Restaurants & Businesses Must Suffer The Consequences Of An Unfair State System
Despite a drop in the positivity rate, San Diego has fallen into the state’s dreaded COVID-19 purple tier, putting even more pressure on restaurants & local businesses to stay in business.
According to numbers presented by the county, the testing positivity rate for the region is 2.6% This is a .8% decline from the previous week, which are orange tier numbers.
But things don’t work that way. The state, as mandated by California Gov. Gavin Newsom, uses another metric to determine a county’s tier status. That one involves having less than seven positive tests per 100,000 people, which is a difficult number for any county to meet, especially when there are more than 10,000 tests being conducted each day, as is the case in San Diego County.
San Diego came in at 10 this week.
Of the 10,608 tests reported on Monday, 4% returned positive, which raised the 14-day rolling average of positive tests to 3.5%.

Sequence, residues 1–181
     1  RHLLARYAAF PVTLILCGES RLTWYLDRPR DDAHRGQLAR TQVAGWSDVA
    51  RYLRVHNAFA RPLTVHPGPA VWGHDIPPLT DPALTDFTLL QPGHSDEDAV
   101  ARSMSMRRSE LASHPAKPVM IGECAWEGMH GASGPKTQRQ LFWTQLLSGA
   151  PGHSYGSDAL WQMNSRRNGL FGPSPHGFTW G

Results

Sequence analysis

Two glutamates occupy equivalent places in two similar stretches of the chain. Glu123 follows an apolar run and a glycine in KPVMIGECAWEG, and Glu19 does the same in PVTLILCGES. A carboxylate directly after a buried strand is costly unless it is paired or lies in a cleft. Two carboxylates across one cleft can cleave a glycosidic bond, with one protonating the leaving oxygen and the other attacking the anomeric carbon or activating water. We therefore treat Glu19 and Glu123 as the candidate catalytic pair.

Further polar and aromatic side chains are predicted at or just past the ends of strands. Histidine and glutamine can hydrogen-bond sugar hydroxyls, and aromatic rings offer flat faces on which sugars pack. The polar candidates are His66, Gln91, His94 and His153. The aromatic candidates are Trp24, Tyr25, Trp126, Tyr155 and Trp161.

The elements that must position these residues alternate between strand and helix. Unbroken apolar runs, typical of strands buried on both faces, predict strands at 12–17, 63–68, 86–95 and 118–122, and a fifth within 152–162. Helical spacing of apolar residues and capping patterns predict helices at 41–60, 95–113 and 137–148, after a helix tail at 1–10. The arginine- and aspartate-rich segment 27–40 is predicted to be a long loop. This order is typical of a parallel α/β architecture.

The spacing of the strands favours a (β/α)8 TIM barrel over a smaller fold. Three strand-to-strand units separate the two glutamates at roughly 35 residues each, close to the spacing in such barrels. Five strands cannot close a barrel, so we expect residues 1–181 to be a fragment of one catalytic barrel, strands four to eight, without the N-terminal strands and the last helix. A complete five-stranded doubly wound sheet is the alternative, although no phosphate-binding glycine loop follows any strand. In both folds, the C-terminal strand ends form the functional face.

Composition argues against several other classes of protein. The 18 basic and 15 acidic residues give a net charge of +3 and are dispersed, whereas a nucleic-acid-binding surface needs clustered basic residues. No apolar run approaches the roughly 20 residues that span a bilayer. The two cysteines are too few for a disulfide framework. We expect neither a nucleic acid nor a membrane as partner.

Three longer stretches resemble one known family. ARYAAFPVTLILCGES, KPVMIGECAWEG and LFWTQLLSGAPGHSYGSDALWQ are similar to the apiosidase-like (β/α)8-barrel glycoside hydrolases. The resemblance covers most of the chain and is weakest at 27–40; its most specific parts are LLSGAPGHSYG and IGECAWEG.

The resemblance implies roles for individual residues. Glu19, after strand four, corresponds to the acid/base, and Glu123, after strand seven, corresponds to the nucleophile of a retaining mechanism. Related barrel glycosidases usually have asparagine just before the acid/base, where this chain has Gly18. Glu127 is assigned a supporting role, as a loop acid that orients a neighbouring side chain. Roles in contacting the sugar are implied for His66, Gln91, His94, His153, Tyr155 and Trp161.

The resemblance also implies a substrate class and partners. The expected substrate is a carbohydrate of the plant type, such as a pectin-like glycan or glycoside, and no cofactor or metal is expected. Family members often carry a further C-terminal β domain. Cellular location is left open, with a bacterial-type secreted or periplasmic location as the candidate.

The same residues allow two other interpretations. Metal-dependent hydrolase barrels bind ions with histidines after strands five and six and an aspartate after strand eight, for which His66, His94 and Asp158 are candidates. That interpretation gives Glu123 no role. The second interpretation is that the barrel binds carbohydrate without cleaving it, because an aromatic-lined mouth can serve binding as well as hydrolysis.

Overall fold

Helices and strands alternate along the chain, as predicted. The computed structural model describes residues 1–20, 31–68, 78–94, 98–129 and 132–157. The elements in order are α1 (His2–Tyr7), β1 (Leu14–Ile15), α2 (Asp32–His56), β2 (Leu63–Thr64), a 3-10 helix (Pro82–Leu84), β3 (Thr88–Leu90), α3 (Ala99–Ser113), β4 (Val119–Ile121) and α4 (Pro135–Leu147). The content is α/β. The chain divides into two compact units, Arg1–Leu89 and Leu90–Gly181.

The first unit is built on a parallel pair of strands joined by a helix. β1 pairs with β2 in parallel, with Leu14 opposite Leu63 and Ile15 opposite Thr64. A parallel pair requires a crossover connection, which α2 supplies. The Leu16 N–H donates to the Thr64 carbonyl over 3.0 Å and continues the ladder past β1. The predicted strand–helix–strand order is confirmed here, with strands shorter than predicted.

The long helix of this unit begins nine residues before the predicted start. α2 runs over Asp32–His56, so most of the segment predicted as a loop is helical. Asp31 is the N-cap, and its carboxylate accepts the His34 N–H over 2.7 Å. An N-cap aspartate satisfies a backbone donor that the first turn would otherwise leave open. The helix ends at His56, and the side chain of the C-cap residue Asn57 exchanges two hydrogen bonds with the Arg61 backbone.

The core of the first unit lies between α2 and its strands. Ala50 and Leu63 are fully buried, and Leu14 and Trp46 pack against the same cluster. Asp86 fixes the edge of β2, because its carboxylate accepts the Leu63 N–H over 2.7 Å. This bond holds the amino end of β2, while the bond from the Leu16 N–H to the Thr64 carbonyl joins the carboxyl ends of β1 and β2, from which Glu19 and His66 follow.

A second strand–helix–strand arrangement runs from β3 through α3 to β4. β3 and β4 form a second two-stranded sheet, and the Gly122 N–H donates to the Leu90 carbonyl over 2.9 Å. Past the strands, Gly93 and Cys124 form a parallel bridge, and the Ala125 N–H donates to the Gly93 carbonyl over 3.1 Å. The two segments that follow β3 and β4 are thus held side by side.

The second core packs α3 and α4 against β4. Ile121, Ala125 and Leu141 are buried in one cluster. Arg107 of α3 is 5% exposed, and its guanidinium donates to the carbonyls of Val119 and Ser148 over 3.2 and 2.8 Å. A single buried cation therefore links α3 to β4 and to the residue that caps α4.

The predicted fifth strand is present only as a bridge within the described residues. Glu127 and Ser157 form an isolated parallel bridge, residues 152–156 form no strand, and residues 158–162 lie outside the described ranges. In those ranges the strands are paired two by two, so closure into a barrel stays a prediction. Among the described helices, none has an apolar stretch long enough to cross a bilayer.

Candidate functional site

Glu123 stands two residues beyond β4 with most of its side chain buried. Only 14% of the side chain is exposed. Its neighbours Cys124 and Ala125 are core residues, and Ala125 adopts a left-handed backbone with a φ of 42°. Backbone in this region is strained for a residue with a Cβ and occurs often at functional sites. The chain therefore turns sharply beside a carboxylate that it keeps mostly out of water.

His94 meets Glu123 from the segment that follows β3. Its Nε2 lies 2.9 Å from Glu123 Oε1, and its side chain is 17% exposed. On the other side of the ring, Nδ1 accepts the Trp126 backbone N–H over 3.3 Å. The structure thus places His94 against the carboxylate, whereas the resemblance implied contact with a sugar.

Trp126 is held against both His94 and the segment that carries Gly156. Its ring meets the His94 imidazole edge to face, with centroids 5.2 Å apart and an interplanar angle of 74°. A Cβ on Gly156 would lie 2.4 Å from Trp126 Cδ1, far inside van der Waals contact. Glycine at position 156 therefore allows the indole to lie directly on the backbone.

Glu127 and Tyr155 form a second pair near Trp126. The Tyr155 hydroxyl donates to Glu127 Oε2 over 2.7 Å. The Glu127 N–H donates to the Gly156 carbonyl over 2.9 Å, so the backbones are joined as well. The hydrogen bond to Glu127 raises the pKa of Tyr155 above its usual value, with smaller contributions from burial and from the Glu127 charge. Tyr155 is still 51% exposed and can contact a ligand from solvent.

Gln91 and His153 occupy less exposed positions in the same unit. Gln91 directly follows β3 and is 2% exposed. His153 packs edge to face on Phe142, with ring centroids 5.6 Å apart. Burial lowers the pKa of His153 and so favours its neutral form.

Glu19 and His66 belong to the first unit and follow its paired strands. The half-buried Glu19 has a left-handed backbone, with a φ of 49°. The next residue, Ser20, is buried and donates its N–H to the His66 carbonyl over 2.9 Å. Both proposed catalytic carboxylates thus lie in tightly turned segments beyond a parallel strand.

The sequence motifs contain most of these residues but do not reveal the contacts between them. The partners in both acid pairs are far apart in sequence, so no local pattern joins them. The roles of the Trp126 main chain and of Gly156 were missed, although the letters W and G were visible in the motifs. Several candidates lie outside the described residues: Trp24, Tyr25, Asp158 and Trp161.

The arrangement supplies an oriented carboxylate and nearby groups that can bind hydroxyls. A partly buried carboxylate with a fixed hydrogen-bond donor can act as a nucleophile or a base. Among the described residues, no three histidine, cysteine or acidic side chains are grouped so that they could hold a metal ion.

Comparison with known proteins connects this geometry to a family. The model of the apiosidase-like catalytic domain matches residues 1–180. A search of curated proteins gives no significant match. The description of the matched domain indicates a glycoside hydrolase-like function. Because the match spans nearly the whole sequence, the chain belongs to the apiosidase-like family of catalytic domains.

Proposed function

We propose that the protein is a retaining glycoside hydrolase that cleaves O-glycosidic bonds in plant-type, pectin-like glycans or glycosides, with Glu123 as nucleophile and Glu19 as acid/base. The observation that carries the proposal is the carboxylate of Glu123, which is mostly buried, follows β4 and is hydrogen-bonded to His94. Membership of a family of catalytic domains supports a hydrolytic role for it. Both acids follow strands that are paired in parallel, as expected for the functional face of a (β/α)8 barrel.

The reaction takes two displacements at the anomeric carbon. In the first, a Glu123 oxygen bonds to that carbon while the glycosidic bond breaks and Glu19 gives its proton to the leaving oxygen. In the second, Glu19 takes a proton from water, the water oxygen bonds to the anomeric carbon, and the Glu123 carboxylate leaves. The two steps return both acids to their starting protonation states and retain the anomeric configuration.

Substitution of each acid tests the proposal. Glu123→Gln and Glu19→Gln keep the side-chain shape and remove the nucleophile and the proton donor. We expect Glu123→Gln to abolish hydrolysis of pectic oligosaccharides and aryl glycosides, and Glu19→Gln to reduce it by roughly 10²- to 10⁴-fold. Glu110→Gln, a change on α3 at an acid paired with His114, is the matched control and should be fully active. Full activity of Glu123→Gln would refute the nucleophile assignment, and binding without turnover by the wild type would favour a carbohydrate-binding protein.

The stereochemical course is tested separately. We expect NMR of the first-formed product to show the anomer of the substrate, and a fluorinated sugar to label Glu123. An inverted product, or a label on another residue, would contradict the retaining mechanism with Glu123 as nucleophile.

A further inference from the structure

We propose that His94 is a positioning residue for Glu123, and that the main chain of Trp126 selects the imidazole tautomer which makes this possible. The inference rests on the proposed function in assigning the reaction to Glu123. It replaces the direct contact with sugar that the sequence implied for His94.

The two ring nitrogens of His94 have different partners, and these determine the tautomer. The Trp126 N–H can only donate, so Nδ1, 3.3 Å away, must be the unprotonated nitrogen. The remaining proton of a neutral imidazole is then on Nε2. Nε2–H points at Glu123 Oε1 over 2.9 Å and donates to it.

This means that restaurants, restaurant/bars, gyms and fitness centers, movie theaters and churches can only serve patrons outdoors. There is no more indoor dining, which was limited to 25% when the county was in the lesser-restrictive red tier.
On warm afternoons and nice evenings, outdoor dining in San Diego is an enjoyable experience. But with some places losing their afternoon sunshine with these shorter days and late fall and winter nighttime temperatures falling into the 50s, it’s not not exactly pleasant to have to stay outside.
This change – and constant changes – are taking their toll on business owners, who have had to pivot more often than a campaign manager. One told PubClub.com last week that “I’m at my wit’s end” over all the rules.
Many restaurants have spent money placing glass partitions between tables and barstools, installing hand sanitizer stations and sometimes elaborate seating on sidewalks and on city streets. They have had to train staff, closely monitor their food orders and hire extra security.
Several are on the brink of financial disaster and losing at least 25% of their customers is a blow some will not be able to overcome.
Earlier this week, PubClub wrote how the state’s system is totally unfair to businesses, and having to go all outdoor is another punishing blow to them to absorb. The owner and chef of Cowboy Star steakhouse in the East Village says he will likely be forced to close through at least through the end of the year.